The phenomenon of a fragmented faculty was colorfully captured by Hazard Adams over 40 years ago. It is a principle of academic politics, he wrote in The Academic Tribes (1976), that “the fundamental allegiance of the faculty member will be to the smallest unit to which he belongs” (p. 8). Other, more scientific examinations have shown us that the disciplines' powers of socialization can shape the very personalities of faculty members and how differently professors behave in “hard” and “soft” disciplines, “pure” and “applied” fields, “life” or “non-life” subjects. The assumption that such classifications separate faculty members has guided scholarship on the professoriate with “surprising persistence” for nearly a half-century (Simpson, 2015Simpson, A. (2015). The surprising persistence of Biglan's classification scheme. Studies in Higher Education, 42(8), 1520–1531. doi: 10.1080/03075079.2015.1111323).
Not that the disciplines alone define the faculty experience: rank and time-in-rank, tenure status, and teaching load are also professional differentiators. Studies of institutional contexts like size, selectivity, control, mission, religious affiliation, even region and “urbanicity” further indicate that what is taken for granted by one faculty group might be utterly foreign to another. Then there are those demographic qualities, such as race, country of origin, gender, and sexuality that scarcely registered among the more cloistered, homogeneous professoriate of the era at the launch of Change but that are essential to comprehend fully today's academic communities.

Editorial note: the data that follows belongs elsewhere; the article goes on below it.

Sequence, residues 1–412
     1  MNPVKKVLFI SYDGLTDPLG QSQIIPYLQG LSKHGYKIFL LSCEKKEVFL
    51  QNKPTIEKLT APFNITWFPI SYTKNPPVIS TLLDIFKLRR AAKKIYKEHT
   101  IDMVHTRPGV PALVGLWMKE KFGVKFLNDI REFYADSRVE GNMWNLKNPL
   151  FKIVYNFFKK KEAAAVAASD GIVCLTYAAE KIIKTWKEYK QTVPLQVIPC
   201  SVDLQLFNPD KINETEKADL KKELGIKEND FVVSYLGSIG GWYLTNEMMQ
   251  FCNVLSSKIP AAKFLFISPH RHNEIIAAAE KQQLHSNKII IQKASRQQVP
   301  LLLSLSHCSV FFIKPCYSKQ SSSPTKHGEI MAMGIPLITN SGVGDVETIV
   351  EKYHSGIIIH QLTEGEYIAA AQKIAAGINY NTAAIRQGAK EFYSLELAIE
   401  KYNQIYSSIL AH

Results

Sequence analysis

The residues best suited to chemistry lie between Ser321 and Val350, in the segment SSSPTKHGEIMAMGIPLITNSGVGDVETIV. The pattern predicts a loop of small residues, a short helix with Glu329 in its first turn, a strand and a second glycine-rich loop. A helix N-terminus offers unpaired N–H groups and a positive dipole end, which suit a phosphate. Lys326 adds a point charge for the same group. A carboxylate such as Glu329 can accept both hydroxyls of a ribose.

The Collaborative on Academic Careers in Higher Education (COACHE) has existed since 2005 to give voice to these faculties and to teach leaders how to listen to and engage with them. Beginning with studies of pre-tenure women and faculty of color, COACHE has adapted to meet the evolving challenges of the academic workforce: mid- and late-career professors, then full-time faculty who are off the tenure-track, then faculty at community colleges, and now (through exit surveys) the departing faculty whom universities work hardest to keep, yet lose anyway.